d. Many-to-Many: Aggregate packets from multiple network ports and multicast the aggregated traffic stream to multiple instrument ports.
This is a configuration resulting from a combination of any-to-any, one-to-many and many-to-one and can be configured using VLAN and filter redirection.
A port-pair can be formed using port mirroring as described in the any-to-any case. Typically a port-pair is created between two network ports and very often there is another connection from each network port to at least one instrument port. In this case port-mirroring is used to form the port-pair while VLAN or filter redirection is used to form the connections to the instrument ports.
f. Back Flow
Backflow allows packets sent from an instrument connected to an instrument port to go out of only one network port instead of flooding out over all ports. The network port from which these packets egress out eventually connects to an end station that has the destination MAC address of these packets from the instrument.
The challenge associated with implementing backflow is to maintain circuit switching with the network ports and maintaining packet switching with the instrument ports. Traditionally, a packet switch supports packet switching only, and traditionally circuit switching does not mix well with packet switching within the same switch.
An instrument connected to port 1208 may want to send out packets to an end station that is connected to, for example, port 1201. This situation may happen if the instrument is an Intrusion Detection System (IDS) and it wants to send out a TCP reset packet to reset the TCP stack of an end station connected to port 1203. Certainly it is not desirable for this packet that is addressed to the end station connected to port 1203 to get flooded over to ports 1201 and 1205. In other words, packet switching is needed for packets that enter port 1208.
The back flow feature may be implemented based on the following as illustrated in
1. A packet switch filter redirection is provided for packets entering each network port to instrument port 1208. In this way, any packet that enters either port 1201, 1203 or 1205 will be directed to port 1208 without being flooded over to any other ports.
2. At the same time, a VLAN with VLAN number X is created that has membership for ports 1201, 1203, 1205 and 1208 only.
3. The default VLAN IDs for ports 1201, 1203, 1205 and 1208 are all set to X.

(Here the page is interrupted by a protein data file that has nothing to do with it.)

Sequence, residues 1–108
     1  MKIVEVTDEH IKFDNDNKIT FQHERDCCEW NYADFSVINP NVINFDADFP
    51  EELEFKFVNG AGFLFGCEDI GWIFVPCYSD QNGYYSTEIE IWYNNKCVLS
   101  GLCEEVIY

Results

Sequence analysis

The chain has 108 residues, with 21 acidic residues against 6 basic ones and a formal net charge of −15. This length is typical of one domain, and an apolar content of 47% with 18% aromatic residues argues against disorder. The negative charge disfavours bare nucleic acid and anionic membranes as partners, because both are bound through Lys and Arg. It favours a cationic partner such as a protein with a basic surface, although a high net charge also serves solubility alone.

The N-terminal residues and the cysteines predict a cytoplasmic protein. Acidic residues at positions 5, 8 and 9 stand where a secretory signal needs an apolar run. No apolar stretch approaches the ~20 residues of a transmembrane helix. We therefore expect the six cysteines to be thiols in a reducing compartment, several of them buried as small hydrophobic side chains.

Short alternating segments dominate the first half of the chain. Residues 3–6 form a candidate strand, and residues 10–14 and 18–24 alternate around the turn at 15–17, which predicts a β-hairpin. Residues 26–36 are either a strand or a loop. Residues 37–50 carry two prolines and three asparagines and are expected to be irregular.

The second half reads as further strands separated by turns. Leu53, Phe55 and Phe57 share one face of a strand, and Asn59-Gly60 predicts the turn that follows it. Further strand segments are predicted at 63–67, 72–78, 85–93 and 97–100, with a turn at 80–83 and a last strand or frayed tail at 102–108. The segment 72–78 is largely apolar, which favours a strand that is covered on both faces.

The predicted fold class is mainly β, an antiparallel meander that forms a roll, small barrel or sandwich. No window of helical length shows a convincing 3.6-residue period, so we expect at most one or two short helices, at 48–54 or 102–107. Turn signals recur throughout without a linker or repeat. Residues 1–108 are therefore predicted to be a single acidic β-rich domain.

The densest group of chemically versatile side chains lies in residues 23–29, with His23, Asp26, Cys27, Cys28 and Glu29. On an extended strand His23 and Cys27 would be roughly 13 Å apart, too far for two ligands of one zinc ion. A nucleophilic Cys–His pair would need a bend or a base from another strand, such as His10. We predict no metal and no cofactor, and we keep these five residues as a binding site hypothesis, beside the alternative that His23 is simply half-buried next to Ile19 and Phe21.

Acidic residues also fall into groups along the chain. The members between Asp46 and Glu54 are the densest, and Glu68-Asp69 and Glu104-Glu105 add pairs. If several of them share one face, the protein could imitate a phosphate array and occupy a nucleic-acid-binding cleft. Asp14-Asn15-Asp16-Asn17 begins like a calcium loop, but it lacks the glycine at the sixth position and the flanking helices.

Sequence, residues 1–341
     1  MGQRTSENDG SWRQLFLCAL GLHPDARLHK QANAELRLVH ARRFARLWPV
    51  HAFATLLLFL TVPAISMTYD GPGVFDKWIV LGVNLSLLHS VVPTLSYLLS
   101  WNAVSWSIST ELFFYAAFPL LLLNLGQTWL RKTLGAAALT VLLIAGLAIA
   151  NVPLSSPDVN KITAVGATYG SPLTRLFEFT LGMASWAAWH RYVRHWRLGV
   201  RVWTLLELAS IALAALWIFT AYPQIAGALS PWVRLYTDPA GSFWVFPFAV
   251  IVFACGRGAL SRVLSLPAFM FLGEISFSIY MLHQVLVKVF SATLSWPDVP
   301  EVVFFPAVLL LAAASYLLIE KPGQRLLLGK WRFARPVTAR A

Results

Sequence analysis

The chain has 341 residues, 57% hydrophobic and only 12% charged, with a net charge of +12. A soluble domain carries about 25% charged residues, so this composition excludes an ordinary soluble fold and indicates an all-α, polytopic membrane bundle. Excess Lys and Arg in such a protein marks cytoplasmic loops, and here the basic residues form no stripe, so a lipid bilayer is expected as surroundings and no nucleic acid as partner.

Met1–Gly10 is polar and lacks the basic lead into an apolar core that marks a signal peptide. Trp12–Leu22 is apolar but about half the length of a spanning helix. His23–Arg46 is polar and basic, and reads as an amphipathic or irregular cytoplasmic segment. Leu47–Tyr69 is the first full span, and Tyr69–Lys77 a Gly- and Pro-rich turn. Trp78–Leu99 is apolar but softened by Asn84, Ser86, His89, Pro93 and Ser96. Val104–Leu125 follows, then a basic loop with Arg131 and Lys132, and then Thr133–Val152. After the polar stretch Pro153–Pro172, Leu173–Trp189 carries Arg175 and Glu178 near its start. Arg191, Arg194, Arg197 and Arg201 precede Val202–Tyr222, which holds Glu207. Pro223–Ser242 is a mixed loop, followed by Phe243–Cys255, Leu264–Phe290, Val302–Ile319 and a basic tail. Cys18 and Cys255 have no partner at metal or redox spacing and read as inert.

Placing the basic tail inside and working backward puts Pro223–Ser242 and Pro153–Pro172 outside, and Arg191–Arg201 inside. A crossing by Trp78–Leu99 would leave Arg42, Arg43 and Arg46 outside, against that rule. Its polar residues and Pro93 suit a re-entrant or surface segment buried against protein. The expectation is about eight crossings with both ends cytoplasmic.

4. Double VLAN tagging is turned on for ports 1201, 1203, 1205 and 1208.
5. Learning is enabled for ports 1201, 1203 and 1205.
6. Since learning is enabled at ports 1201, 1203 and 1205, the learning engine inside the switch will create MAC address entries (in the form of <MAC address, port number, VLAN number> for any packets that enter ports 1201, 1203 or 1205).
8. For packets that enter port 1208, packet switching will occur based on the entries in the MAC address table and hence such packets will be directed to only one of the ports 1201, 1203 or 1205, depending on their destination MAC addresses, but will never be flooded over to ports 1201, 1203 and 1205.
There are two kinds of filters supported in the network monitor: pre-filter and post-filter.
The packet switch allows packet filtering on a per port basis at the ingress direction.
A filter can selectively pass or drop an ingress packet based on the filtering criteria. A filtering criterion is set up by the user and can be based on the L2/L3/L4 packet content together with a bit mask.
Pre-filter is a direct application of the ingress filtering capability of the packet switch. Hence pre-filter applies the filter to all ingress packets at a given port, independent of their egress ports. There are situations in the network visibility system where packets entering an ingress port are multicasted out to multiple instrument ports. Each instrument port may want to see a different filtered subset of this packet stream. For example, in
Since the packet switch only supports ingress filters, post-filters (egress filters) have to be constructed by sacrificing some ports within the switch as loop back ports.
In order to support post-filter, a plurality of ports of the switch are reserved as loop back ports. These loop back ports are not visible to the user and they are also not directly accessible to the user.
Double VLAN tagging is turned on for ports 1401, L1, L2, L3, 1406, 1407, and 1408.